By Steve Lambert, The Canadian Press
WINNIPEG — About 200 more people left Peguis First Nation on Wednesday and dozens of workers poured into the community as floodwaters continued to threaten it and other areas of Manitoba.
The Fisher River had come up a little overnight before appearing to stabilize, but the rise left more homes surrounded by water or with water inside, Chief Glenn Hudson said.
“We have probably in the order of 700 (homes) that have been impacted,” Hudson said.
“We even had a fire at one (trailer) because the heater underneath was flooded out and it shorted.”
Many of those who remained were using boats to ferry people and supplies, along with an ultra-large all-terrain vehicle with giant wheels.
Some 75 workers from the First Nation Community Response Corp., under contract with the federal government, arrived in Peguis to help as crews worked on sandbags, temporary portable dikes and other measures to try to hold the water back.
“I’ve never seen it this bad in my lifetime,” said James Favel, head of the corporation. He is originally from Peguis and has lived for years in Winnipeg.
“We’re probably going to be delivering food via canoe … and then we’re going to be filling sandbags and putting sandbags out.”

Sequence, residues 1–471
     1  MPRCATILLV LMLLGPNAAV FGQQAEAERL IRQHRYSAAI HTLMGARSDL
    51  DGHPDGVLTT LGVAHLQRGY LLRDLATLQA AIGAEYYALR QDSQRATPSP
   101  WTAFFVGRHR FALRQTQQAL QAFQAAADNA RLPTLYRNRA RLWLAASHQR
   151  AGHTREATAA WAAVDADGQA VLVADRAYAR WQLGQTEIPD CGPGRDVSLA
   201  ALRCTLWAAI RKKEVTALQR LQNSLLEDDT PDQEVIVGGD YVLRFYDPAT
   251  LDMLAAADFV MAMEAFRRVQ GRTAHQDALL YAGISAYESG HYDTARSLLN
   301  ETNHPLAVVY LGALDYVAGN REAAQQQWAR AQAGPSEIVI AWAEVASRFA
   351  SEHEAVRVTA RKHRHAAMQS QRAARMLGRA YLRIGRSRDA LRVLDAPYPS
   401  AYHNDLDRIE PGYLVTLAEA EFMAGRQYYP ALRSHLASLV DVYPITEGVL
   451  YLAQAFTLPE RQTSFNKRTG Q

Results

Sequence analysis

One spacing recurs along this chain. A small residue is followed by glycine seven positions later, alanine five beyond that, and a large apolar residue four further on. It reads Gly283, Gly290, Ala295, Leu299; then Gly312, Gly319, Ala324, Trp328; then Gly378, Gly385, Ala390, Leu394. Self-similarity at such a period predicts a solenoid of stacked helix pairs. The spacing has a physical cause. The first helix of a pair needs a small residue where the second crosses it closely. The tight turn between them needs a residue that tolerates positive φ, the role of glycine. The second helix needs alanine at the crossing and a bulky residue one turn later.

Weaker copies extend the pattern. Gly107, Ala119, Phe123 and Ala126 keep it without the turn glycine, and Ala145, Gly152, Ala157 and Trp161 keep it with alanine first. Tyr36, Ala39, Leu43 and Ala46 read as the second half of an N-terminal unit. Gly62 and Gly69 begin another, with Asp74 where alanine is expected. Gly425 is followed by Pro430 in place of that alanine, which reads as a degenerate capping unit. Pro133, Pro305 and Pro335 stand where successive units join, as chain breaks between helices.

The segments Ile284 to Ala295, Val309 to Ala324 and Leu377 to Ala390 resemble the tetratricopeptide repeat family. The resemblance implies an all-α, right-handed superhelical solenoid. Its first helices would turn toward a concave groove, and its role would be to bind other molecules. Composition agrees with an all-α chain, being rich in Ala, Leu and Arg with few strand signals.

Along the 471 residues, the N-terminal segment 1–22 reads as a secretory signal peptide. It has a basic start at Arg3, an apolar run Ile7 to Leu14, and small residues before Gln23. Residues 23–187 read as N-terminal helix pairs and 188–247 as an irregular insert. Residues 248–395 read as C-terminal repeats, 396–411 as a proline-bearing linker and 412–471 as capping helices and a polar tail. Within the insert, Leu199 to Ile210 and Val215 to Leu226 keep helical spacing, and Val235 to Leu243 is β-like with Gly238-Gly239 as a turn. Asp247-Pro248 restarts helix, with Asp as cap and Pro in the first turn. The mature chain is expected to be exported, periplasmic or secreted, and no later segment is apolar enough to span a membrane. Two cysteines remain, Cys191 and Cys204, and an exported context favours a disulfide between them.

Favel and his crews also helped rescue a cat from the top of a utility pole and captured the moment on video.
“The poor little girl whose cat (it is), she was just crying. They were reunited and everybody’s happy.”
More than 1,400 people have left the community of 3,500 since Saturday. Most of them are staying in Winnipeg, about 160 kilometres to the south.
Many parts of the province are dealing with high water after a heavy winter snowfall and three spring storms in as many weeks.
The town of Arborg, southeast of Peguis, closed off its main highway intersection due to flooding. Large pumps were moving the water into the Icelandic River.
Further south, sections of the main highway between Winnipeg and the United States border have been closed, forcing drivers to take long detours around the swollen Red River.
The weather was providing some relief. After three days without precipitation, the Fisher River through Peguis appeared to have levelled off. About 15 kilometres upstream, the river had dropped about 20 centimetres, Environment Canada data indicated.
Peguis still had melting snow, which was adding to the river water coming from the south.
In Winnipeg and the Red River Valley, the water is not expected to crest until next week. In some areas, the river has grown into a lake covering rural roads and farmland.
But unlike Peguis, communities in the Red River Valley are protected by dikes and diversion channels that allow homes and businesses to stay dry.